These are pointers to help maximize your success in installing a shelf nut. Hmm, my readers have a wide variety of knowledge and skill - I hope I can strike a balance here, and emphasize the things unique to nut compensation. Safety note: always use a mask when cutting or sanding bone material!
Estimate your compensation needs, before ordering
If your original nut was accurately placed at the "calculated" position, and your action at the nut is not too high, you should find that the 1st, 3rd (in wound), and 4th strings are only off by about 0-3 cents and that the 6th and 3rd (if unwound) are off no more than about 9 cents, then this shelf nut should be a good choice.
If your original nut has been set forward, you will see overcompensation on the 1st, 3rd (if wound) and 4th (the pitch will be flat at the 2nd fret, compared to open.) In the case that only one or two strings need positive compensation, you may prefer to just glue bone extensions to the original nut, and file back the string release point for the overcompensated strings, as I have previously done.
Verify that your fretboard radius is correct, before ordering
Ideally you will have a fretboard radius guage to determine the radius of your fretboard. These are available from a luthier supply, such as Stewart-MacDonald, but also from Amazon or ebay. There are several types to choose from.
If you expect this to be a one-time use, you could even make your own radius guage: take a thin stick, pound a small nail in one end, measure from the nail to the suspected radius and drill a 1/8" or 5/64" hole. Insert a pencil firmly into the hole and draw a 2" wide arc on a piece of cardboard; cut it out carefully, and that's your guage; if it doesn't fit, try another radius.
You will need to loosen or remove the strings, and apply the guage to the fretboard near the nut. (Some guitars have a compound radius, so the radius may be different up the board. Also, your fretboard may have been resurfaced; resurfacing parallel to each string path causes compounding - widening the arc going up the fretboard.
I found, on my guitar, the fretboard was just a little more curved at the nut (smaller radius) than advertised. If that is the case, for you, then you will need to do a bit of sanding on your fretboard to make it match the guage (and the nut). finish with fine steel wool and apply a little bit of oil (mineral oil or olive oil works great). My fretboard was even more rounded at the edges of the fretboard, which resulted in a small gap between the fretboard and the shelf at the ends of the nut. It was not enough to be a problem, the shelf being solid with the the rest of the nut, it doesn't need to actually touch the fretboard.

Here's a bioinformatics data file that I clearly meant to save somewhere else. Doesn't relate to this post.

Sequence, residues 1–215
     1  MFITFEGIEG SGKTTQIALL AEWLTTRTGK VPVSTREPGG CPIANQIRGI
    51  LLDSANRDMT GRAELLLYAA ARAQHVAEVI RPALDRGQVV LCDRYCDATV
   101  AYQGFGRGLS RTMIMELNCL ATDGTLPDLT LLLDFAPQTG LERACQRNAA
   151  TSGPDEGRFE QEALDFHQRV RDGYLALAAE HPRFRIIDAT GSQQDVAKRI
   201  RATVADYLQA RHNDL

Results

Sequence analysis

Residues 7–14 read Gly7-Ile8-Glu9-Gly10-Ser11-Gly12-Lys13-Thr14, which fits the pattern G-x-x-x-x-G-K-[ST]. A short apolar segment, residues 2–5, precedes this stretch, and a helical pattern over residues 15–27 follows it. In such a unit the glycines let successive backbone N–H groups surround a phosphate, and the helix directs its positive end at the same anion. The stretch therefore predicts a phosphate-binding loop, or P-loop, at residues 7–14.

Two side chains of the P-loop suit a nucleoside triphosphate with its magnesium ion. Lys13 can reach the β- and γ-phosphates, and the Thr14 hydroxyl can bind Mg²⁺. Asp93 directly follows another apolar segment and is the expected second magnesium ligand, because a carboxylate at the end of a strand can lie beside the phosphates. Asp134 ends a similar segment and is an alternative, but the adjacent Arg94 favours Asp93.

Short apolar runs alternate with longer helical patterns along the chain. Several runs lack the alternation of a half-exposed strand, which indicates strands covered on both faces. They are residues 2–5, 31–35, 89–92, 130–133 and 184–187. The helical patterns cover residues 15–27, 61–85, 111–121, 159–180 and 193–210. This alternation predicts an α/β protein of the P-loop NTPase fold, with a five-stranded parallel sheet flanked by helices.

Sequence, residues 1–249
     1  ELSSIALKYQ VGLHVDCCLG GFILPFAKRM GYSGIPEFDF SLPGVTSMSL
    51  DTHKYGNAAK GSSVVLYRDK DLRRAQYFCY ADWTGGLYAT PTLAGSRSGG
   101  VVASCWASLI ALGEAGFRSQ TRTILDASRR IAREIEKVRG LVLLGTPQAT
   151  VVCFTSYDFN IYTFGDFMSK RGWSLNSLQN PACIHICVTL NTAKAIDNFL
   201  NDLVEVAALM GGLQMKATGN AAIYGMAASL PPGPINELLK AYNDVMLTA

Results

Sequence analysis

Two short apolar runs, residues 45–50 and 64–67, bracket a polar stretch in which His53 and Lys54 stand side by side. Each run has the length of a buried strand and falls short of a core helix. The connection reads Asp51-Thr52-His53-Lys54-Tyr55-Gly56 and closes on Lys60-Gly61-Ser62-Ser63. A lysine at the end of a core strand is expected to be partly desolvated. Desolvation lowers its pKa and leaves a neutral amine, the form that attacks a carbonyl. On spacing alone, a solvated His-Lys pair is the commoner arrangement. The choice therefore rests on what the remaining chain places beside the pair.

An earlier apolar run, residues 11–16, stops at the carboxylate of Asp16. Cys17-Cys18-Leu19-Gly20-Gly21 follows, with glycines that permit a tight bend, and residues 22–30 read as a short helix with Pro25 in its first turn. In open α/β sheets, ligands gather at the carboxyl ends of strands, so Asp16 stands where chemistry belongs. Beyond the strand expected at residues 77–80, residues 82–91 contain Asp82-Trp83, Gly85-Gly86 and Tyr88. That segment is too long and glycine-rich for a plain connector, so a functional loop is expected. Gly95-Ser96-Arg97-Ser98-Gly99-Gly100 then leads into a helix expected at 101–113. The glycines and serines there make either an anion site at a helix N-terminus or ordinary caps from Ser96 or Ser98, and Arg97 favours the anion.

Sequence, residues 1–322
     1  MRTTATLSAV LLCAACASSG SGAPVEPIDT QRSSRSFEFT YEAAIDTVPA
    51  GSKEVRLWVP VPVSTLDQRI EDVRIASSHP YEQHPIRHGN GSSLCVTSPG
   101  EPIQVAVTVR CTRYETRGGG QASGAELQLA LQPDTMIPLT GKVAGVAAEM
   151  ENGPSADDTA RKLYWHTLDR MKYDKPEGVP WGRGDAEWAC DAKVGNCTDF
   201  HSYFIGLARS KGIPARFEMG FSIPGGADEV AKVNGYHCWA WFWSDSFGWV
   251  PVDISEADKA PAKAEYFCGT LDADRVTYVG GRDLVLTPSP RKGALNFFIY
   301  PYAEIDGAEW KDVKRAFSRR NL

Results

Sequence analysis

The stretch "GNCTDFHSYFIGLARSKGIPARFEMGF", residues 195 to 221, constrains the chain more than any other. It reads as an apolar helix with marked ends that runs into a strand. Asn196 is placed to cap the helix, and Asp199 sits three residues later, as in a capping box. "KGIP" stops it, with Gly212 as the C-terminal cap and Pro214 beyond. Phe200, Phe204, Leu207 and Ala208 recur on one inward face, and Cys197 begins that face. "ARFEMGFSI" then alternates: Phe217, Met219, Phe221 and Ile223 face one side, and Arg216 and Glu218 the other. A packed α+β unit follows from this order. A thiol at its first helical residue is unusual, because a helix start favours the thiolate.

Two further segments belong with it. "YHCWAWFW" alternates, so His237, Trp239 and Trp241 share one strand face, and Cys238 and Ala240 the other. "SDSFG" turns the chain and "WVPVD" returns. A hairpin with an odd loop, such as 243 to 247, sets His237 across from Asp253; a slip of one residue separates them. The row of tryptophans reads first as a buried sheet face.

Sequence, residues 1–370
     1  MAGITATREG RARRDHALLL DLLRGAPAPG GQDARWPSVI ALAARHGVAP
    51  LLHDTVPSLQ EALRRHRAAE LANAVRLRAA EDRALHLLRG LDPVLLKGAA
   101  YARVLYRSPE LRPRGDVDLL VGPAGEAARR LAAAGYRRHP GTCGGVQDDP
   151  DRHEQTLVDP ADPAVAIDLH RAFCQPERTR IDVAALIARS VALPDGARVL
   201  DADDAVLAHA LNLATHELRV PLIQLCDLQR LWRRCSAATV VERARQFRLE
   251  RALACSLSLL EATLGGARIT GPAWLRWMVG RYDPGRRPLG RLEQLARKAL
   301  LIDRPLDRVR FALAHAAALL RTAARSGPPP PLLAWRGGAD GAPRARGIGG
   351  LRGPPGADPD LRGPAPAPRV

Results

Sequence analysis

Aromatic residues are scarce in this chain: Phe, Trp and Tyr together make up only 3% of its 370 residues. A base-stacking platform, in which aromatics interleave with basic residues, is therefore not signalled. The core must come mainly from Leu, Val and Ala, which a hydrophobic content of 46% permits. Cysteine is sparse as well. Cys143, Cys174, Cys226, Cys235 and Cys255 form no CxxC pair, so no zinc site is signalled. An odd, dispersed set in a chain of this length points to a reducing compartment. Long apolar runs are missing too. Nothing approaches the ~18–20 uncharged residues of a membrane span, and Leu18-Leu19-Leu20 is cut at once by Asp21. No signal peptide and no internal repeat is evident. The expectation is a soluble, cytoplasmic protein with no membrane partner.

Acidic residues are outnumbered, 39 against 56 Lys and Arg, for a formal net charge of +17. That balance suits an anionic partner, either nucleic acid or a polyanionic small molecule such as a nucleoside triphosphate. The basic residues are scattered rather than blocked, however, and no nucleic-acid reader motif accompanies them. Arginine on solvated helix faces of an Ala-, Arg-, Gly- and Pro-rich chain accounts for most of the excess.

Care and patience for adjusting the bottom of the nut.
After sanding off the nut width to fit in the slot, the next step is to trim the bottom of the nut. It has to be just right in order to rest flatly on the bottom of the slot while the shelf rests on the fretboard. It's OK to machine sand or cut off excess height, but the final sanding should be done by hand. I use 100 grit sandpaper on a flat surface.
Be very patient, and try to prevent over-shooting, which would necessitate shimming. Because the string slots have not yet been started and the ends have not been trimmed, you can move the nut from side to side to best fit the fretboard curve.
Try to prevent any rocking motion when sanding, which would produce a curve in the bottom. To remove any curve, I sand over the edge of the sandpaper, starting near one end and stopping before the other end. By changing direction and sighting the bottom edge, you can make the bottom perfectly flat.
When the nut bottom and shelf are a good fit, the nut can no longer be moved sideways, so mark the ends well, so the your nut slot starts can be properly marked.
If you haven't chosen a string spacing method, there are three choices: 1) equal spacing between string center lines, 2)equal spacing between strings, and 3) proportional spacing - spacing increasing evenly by adding 04" to each space from treble to bass.